back of another rider, and had to put a foot down. So I was in 8th
on the grid, got up to 5th, then back to about 20th in
the space of a few seconds.
I then proceeded to mash the pedals as hard as I could for the next 5 minutes, trying to make up places, but I felt like I was lacking in firepower. As hard as I pushed, I couldn’t move up the field. As I thought might happen, I got held up in the singletrack behind crashes and slower riders, and ended up coming through after the 1st lap in 17th.
It was then that I started to feel my legs waking up a bit and some motivation returning. I got on the gas, and got past a load of riders, feeling the best that I’d felt in a race for ages! I can’t really remember the 2nd and 3rd laps, but they must have gone quite well, because I managed to get up to 5th, leading a group of 3 riders.
Around the 4th
lap, Robert Rogers came flying past, and I set off in pursuit, with Will Taylor
close behind. We flew through the tight singletrack, picking off the slower
elite riders as we went, and I had more than a few moments where the ends of my
bars caught on trees (I still think that wide bars are the future, just maybe
not at Sherwood)!
Just as I managed to get back in touch with Robert, we came up behind William Cheaney, who had been riding in 4th for the first few laps. I put in a big effort and managed to get to the front on an open section before we hit the singletrack, but somehow managed to annoy an elite rider in the process. Nothing serious though, and we got on with racing.
We stayed in this group for the last lap, with Will (Cheaney) losing his legs a bit towards the end and dropping back into 7th. I was really surprised with the number of people shouting in support (for me and the other riders) from the sides of the track, it was really nice to hear.
Right near the end of the lap, on a draggy grass rise (I won’t exaggerate and say hill), the race for 4th place got yet more heated. We were all going full gas trying to get an advantage, and somewhere in the heat of battle me and Robert managed to tangle bars (not his fault by the way, things like that happen in races), the end result was me having to put a foot down momentarily.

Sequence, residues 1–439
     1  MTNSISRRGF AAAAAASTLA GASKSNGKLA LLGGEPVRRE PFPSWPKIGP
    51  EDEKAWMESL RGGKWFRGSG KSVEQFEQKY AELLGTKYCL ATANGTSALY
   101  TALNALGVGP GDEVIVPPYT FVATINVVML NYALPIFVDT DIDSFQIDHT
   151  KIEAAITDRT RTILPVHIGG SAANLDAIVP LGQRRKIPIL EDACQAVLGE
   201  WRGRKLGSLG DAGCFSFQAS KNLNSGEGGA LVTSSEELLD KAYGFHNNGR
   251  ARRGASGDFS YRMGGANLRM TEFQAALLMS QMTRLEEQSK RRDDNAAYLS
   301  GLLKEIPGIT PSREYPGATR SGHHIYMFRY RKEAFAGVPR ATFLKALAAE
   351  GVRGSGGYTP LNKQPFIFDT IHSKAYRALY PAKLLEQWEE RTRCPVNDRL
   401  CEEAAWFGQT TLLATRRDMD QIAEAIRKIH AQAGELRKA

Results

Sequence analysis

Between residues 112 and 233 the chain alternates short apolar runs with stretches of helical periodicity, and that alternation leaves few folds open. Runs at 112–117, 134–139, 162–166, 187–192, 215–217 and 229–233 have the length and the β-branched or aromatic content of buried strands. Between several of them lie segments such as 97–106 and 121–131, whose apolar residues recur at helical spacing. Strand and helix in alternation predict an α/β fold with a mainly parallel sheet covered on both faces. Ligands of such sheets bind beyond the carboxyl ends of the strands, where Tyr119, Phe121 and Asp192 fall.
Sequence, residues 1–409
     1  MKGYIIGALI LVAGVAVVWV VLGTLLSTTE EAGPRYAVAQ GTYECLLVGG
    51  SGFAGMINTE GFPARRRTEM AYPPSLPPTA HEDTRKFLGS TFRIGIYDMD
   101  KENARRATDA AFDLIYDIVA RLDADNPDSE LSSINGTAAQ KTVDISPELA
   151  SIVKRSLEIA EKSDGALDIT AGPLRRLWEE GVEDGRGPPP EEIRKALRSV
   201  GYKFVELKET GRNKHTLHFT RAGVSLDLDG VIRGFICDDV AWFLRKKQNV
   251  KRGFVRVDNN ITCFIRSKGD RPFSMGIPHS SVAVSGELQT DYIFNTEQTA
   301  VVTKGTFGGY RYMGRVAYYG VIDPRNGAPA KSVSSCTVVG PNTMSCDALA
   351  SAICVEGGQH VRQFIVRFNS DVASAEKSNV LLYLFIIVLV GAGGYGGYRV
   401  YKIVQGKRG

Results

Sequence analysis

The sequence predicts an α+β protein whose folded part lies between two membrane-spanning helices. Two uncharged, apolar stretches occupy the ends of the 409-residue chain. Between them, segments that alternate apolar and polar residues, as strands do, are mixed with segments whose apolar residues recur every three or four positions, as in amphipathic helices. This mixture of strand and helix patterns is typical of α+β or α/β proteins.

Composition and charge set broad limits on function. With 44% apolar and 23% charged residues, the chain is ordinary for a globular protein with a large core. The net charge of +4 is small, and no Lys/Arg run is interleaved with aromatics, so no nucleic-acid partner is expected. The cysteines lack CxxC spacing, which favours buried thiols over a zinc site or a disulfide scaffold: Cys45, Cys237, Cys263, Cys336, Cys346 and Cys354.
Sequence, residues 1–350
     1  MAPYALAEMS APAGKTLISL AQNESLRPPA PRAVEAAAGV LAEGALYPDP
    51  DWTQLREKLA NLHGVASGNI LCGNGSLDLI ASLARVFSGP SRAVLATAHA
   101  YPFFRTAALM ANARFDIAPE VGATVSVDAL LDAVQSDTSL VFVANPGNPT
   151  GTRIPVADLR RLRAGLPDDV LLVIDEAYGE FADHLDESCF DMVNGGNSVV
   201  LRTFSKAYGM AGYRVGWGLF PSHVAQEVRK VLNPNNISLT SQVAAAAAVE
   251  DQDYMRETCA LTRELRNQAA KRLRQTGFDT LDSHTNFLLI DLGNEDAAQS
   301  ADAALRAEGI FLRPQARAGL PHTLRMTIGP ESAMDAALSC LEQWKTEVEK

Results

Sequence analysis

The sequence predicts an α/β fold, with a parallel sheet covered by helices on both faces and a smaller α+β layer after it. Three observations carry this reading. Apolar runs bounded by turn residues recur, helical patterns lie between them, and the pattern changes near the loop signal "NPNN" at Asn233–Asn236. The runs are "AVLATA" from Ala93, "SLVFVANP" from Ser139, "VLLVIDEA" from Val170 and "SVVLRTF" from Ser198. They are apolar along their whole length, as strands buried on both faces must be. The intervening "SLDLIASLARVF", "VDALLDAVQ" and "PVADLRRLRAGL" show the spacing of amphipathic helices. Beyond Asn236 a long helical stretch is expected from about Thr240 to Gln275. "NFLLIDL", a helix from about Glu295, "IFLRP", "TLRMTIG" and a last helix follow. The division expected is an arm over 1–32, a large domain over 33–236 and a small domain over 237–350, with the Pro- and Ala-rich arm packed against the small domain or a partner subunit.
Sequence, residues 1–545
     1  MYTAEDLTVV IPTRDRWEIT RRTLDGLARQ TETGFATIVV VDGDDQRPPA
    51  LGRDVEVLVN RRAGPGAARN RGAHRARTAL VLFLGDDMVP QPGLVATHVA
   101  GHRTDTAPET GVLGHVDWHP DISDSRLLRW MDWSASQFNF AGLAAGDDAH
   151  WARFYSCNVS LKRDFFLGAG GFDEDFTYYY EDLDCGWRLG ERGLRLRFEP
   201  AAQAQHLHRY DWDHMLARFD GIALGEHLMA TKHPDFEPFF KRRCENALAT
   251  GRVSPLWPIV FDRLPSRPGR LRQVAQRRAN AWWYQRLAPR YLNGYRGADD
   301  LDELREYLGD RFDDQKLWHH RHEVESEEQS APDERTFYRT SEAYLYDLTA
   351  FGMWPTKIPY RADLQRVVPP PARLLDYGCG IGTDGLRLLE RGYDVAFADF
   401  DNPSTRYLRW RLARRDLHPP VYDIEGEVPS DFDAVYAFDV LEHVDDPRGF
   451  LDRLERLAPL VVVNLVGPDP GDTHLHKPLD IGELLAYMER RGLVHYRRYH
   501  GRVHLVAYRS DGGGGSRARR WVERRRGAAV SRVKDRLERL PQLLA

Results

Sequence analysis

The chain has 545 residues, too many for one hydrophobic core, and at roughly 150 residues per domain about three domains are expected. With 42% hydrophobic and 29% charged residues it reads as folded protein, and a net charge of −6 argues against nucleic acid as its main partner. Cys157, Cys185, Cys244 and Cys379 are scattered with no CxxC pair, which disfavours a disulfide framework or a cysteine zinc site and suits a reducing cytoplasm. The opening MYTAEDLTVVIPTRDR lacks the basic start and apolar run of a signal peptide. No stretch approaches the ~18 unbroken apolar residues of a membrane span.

This put me several bike lengths back as we entered the arena, so I dug deep, nearing my limit to get back to the front. I led as we left the ‘north shore’ (a few planks that seemed like a last minute addition to the course), and came into the last couple of corners at full speed.
Unfortunately I didn’t have the power left to sprint properly, and was left in 6th places as Will (Taylor) and Robert barrelled towards the line, with Robert emerging on top.
Still, I was (and still am) very happy with that result, my highest position in a national this year, and hopefully a good sign for the fast approaching national championships. What’s more, I (and the other two I finished with) was only about 20 second off 3rd place, the closest I’ve ever been to a national podium in terms of time.
Well done to Jack Ravenscroft for taking the win after a race long fight with Mark McGuire, and to Grant Ferguson for seeing off the Belgian invasion and triumphing over Jonas de Backer in the elite race. Congratulation to anyone else who did well and I haven’t mentioned, whether you won the race or simply achieved a personal best.
As always, thanks to my parents for supporting this mountain biking nonsense, and anyone who has helped me along the way.
I've only been racing since early 2012, but been mountain biking since the age of 10. I try to balance training and A-level studies, then you get to read about it on here!
Thanks to XCracer, Scimitar, MtZoom, Accelerade and Exposure for all the help.
This blog post was written by a third party and their views do not necessarily reflect the views of XCRacer.com